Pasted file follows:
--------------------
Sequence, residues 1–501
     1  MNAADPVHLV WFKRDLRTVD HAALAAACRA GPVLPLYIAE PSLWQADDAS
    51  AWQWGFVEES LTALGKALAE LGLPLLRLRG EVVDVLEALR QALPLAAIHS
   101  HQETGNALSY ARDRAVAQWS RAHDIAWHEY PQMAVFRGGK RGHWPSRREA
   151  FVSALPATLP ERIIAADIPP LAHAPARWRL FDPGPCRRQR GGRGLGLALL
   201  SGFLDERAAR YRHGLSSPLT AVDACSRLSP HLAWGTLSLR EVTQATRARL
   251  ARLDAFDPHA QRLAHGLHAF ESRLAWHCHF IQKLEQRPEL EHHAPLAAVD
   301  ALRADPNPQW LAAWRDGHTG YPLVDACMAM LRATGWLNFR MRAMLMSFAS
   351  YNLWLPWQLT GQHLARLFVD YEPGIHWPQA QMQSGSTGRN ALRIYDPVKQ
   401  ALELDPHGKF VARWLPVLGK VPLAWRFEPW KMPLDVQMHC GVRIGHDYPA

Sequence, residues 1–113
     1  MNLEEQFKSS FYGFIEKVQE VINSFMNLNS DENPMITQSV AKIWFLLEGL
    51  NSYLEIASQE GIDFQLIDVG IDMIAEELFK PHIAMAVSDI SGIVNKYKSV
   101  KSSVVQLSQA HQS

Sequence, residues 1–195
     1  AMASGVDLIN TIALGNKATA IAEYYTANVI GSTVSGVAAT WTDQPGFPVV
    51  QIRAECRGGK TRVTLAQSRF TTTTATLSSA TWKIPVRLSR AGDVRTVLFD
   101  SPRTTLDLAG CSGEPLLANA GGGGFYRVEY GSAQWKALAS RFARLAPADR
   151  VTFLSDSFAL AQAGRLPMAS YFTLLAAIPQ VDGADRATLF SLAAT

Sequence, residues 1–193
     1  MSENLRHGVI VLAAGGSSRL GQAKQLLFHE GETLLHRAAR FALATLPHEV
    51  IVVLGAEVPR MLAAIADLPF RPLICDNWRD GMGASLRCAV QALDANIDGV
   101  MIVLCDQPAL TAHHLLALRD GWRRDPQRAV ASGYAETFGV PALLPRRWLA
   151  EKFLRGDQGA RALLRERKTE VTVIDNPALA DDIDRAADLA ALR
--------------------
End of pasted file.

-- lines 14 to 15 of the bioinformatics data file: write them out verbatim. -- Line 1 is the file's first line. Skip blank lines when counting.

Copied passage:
   101  KSSVVQLSQA HQS

Sequence, residues 1–195